BPANN was widely used during our pharmacokinetic research and plasma concentration prediction. In previous research, we predicted the plasma concentration and pharmacokinetic parameters of four bioequivalence studies of rosuvastatin calcium tablets [28], predicted pharmacokinetics and the effect of genetic polymorphisms of deferasirox [29], and predicted the plasma concentration of febuxostat from different formulations [30]. Although we eventually achieved good prediction results, the stuck at the local minimum of the BPANN and the variable selection introduced were significant challenges during the research process. In this study, the PCA and PSO were introduced into modeling and the final model PSO-BPANN became more reliable and stable. Moreover, the MIV of gender and age was -127.56 and -150.14, respectively, which indicated strong negative effects on the plasma concentration of omeprazole. The results of the MIV are consistent with our previous conclusion. In addition, the MIV of body mass index and serum creatinine was 95.13 and -105.55, respectively. We suggest that the positive effect of body mass index and the negative effect of serum creatinine should not been ignored, either.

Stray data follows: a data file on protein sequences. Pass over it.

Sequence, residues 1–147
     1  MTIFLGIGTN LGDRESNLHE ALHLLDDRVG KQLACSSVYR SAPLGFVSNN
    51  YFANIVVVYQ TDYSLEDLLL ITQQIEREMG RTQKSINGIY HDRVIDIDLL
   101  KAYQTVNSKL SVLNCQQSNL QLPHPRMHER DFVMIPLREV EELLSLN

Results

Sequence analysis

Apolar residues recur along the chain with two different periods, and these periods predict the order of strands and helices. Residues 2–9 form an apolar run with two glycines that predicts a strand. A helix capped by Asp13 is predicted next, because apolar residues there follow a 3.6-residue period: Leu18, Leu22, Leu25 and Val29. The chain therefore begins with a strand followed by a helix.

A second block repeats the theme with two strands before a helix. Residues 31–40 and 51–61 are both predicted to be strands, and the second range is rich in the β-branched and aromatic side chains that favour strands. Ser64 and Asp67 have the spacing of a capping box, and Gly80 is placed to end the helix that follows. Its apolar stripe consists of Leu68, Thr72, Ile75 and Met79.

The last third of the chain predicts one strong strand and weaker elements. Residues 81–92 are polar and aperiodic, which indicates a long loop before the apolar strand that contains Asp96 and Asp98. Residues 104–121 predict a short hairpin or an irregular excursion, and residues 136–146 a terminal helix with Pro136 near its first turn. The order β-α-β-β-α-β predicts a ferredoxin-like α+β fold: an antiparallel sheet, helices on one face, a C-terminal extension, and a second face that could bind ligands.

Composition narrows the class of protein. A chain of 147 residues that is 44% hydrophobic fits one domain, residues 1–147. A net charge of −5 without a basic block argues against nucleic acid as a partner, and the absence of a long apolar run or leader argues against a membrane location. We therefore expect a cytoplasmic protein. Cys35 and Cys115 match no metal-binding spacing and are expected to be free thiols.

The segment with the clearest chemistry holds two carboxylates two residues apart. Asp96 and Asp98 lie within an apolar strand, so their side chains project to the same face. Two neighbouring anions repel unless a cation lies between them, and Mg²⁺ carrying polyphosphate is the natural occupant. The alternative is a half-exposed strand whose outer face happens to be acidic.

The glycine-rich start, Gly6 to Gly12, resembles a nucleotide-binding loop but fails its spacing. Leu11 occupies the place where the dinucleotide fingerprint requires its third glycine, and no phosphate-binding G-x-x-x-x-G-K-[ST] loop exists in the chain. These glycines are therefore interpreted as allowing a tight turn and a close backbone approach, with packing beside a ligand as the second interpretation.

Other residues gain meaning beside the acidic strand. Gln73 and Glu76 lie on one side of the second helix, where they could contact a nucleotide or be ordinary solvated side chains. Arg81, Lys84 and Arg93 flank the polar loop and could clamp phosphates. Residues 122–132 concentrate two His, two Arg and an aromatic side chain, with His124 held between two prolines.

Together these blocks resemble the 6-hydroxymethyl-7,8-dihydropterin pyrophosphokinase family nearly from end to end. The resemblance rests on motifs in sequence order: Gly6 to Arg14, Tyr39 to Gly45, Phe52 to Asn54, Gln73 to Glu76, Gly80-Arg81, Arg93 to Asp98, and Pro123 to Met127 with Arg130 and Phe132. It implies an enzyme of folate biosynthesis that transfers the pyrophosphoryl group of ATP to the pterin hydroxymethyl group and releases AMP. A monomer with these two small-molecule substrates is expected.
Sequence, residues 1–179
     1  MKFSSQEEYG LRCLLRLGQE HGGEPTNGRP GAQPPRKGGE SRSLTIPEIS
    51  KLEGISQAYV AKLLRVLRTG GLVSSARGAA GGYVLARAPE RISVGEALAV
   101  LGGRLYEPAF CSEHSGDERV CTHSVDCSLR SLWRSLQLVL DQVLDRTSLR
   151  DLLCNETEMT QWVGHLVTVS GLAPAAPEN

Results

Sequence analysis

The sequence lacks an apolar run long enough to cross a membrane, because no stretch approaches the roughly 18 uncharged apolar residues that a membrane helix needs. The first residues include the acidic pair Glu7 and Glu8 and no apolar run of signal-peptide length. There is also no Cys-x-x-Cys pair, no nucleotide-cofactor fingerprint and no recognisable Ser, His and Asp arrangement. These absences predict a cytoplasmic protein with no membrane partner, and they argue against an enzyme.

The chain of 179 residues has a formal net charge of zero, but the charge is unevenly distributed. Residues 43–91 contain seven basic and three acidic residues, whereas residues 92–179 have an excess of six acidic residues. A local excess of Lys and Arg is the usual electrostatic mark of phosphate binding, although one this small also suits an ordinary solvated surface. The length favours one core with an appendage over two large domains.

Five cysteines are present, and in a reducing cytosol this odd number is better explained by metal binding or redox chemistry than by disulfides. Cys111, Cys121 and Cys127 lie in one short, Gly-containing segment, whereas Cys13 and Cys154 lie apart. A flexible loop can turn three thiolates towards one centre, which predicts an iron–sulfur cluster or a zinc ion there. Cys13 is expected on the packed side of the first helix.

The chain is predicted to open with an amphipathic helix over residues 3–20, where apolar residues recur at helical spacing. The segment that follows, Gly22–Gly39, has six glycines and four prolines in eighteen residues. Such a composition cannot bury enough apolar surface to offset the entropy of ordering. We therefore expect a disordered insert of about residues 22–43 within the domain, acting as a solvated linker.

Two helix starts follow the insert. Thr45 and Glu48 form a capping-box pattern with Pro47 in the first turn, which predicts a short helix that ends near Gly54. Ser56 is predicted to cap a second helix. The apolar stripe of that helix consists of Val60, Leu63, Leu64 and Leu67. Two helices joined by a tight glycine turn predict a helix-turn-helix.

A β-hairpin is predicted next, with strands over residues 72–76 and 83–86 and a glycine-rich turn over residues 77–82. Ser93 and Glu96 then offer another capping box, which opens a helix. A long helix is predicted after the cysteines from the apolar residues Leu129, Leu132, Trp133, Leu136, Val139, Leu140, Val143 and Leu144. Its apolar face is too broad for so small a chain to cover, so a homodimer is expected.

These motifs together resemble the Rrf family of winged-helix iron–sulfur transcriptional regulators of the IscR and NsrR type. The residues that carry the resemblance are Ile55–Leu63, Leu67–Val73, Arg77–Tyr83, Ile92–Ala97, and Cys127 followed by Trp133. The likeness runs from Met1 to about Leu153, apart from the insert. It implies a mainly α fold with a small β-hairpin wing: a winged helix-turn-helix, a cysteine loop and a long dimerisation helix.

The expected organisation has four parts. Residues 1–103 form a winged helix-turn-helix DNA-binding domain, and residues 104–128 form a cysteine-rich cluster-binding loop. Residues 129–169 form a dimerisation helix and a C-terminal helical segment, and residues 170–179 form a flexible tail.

Although the low number of subjects included in the study did not allow us to explore the effect of more variables on the pharmacokinetics of omeprazole enteric-coated tablets, such as the CYP genetic polymorphisms [31], the model we established still had a good predictive effect on the plasma concentration of omeprazole in the Chinese population. We plan to introduce the effect of genetic polymorphisms into the PSO-BPANN in subsequent studies.


In this study, the effects of age and gender on pharmacokinetics study of omeprazole enteric-coated tablets in Chinese population were explored and a PSO-BPANN model was developed to predict the plasma concentration of omeprazole.

Availability of data and materials

All data and materials included in this study are available upon request by contact with the corresponding author.


  1. Kavitt RT, Lipowska AM, Anyane-Yeboa A, Gralnek IM. Diagnosis and Treatment of Peptic Ulcer Disease. Am J Med. 2019;132:447–56.

    CAS  Article  Google Scholar 

  2. Chung KT, Shelat VG. Perforated peptic ulcer - an update. World journal of gastrointestinal surgery. 2017;9:1–12.

    Article  Google Scholar 

  3. Abbasi J. Barry Marshall, MD: H pylori 35 Years Later. JAMA. 2017;317:1400–2.

    Article  Google Scholar 

  4. van Hout BA, Klok RM, Brouwers JR, Postma MJ. A pharmacoeconomic comparison of the efficacy and costs of pantoprazole and omeprazole for the treatment of peptic ulcer or gastroesophageal reflux disease in The Netherlands. Clin Ther. 2003;25:635–46.

    Article  Google Scholar